- Taschenbuch: 144 Seiten
- Verlag: Mondial (7. März 2006)
- Sprache: Englisch
- ISBN-10: 9781595690364
- ISBN-13: 978-1595690364
- ASIN: 1595690360
- Größe und/oder Gewicht: 14 x 0,9 x 21,6 cm
- Durchschnittliche Kundenbewertung: Schreiben Sie die erste Bewertung
- Amazon Bestseller-Rang: Nr. 75.058 in Fremdsprachige Bücher (Siehe Top 100 in Fremdsprachige Bücher)
Teleny, or the Reverse of the Medal (Englisch) Taschenbuch – 7. März 2006
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The homoerotic novel Teleny is an important antithesis to the prudish idealism of the neo-classic and neo-romantic lyric love poetry of the fin du siecle. It is a work of unmasking the cynical double moral standards of the Victorian era: The love of Camille and Teleny is shattered by social reprisals. The book was published in 1893 in 200 copies by Leonard Smithers who praised it as being "the most powerful and cleverly written erotic romance which has appeared in the English language" during that era, "a book that will certainly rank as the chief of its class."
Über den Autor und weitere Mitwirkende
Oscar Wilde was born on October 16, 1854, to the Irish nationalist and writer Speranza Wilde and the doctor William Wilde. After graduating from Oxford in 1878, Wilde moved to London, where he became notorious for his sharp wit and flamboyant style of dress.
Though he was publishing plays and poems throughout the 1880s, it wasn t until the late 1880s and early 1890s that his work started to be received positively. In 1895, Oscar Wilde was tried for homosexuality and was convicted and sentenced to two years in prison. Tragically, this downfall came at the height of his career, as his plays, An Ideal Husband "and The Importance of Being Earnest, "were playing to full houses in London. He was greatly weakened by the privations of prison life, and moved to Paris after his sentence. Wilde died in a hotel room, either of syphilis or complications from ear surgery, in Paris, on November 30, 1900.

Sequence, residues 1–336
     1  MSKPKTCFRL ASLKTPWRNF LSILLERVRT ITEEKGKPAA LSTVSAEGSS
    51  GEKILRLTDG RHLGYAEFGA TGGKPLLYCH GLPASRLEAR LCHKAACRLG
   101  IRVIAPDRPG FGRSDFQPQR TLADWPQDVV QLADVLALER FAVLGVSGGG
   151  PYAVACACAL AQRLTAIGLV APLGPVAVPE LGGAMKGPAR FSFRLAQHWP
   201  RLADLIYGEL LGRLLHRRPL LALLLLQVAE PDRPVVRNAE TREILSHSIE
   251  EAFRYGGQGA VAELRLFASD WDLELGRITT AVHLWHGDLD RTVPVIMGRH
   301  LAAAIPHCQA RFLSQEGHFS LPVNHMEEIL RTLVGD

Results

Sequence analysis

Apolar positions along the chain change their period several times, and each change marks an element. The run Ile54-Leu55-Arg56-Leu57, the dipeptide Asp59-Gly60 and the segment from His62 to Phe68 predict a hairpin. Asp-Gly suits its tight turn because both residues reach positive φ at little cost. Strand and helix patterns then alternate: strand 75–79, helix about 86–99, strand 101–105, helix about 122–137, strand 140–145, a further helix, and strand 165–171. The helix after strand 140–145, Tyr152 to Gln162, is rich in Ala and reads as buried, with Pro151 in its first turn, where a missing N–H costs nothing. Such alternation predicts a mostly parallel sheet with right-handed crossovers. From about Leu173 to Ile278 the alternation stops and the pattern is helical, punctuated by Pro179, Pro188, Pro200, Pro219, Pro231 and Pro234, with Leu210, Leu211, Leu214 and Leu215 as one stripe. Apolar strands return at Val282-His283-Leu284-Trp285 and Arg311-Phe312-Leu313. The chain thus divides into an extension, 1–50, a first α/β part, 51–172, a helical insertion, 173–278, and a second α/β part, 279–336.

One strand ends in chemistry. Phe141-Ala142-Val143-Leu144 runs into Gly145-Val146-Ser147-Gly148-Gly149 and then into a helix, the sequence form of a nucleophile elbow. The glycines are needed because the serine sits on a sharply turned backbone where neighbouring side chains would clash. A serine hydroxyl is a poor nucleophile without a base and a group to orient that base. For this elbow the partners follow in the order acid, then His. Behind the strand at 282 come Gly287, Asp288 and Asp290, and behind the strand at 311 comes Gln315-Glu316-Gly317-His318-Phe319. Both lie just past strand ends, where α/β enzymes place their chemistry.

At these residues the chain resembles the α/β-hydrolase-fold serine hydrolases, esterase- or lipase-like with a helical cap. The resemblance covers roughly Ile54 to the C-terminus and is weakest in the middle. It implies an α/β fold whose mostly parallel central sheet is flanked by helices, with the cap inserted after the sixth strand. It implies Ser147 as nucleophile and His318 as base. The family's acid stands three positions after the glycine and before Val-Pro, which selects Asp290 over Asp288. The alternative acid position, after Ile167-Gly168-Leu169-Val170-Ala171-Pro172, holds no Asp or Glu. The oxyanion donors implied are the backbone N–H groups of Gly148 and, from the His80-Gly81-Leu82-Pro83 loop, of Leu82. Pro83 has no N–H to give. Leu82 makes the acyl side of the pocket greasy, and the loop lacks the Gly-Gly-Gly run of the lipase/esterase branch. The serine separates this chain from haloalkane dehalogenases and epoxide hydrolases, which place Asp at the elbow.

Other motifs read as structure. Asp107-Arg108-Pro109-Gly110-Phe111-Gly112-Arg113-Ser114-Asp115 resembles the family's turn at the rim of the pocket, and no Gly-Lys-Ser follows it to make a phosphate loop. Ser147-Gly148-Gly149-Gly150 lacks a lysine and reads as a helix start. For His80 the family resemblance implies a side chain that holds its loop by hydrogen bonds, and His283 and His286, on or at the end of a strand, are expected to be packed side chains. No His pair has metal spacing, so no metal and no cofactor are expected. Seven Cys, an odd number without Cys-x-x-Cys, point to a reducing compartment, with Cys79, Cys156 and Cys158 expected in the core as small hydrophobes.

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But now, many years later, I've read it again, and this doesn't even seem like the same text I read before. I will give Oscar Wilde chapter 7 and a long passage of chapter 8. Beyond that, I'm sure many other writers contributed most of it. I just wish an editor had been involved. While reading this version, I concluded that some kind of optical scanner had been used to transfer the text from one source to another. In the process, very strange things happened. The letter "m" often gets subsituted for "th," so that the word "that" appears as "mat." "Mink" is really "think." But it doesn't stop there. "Concerts" becomes "conceits." "Kiss" becomes "lass." The best one is "mush-scented courtesans," which I hope is supposed to be "musk-scented." Add to that the fact that some French words were just guessed at, so we end up with "mignans," "matrons" for "marrons," and "Angut" for "Angot." Anyway, the text is so corrupted that you practically have to be a cryptographer to decipher it some of it.
The early chapters have lots of typical Victorian hetero scenes, but once the homosexual ones start, one must agree that this is a different kind of prose. The literary and classical allusions abound. (Some of them are so obscure that I couldn't find out about them using google search.) There is an attempt at a Poe atmosphere near the end, which is telegraphed from a mile away. The end is "open," with a hint that there might be a sequel, but apparently there never was one.
In all honesty, I cannot recomment this New Traveller's Companion Series version (no pictures) because of the constant typos and bizarre punctuation that render the prose almost unreadable.
Btw, my understanding is that Oscar Wilde didn't actually write this; it was a joint effort between some of his students.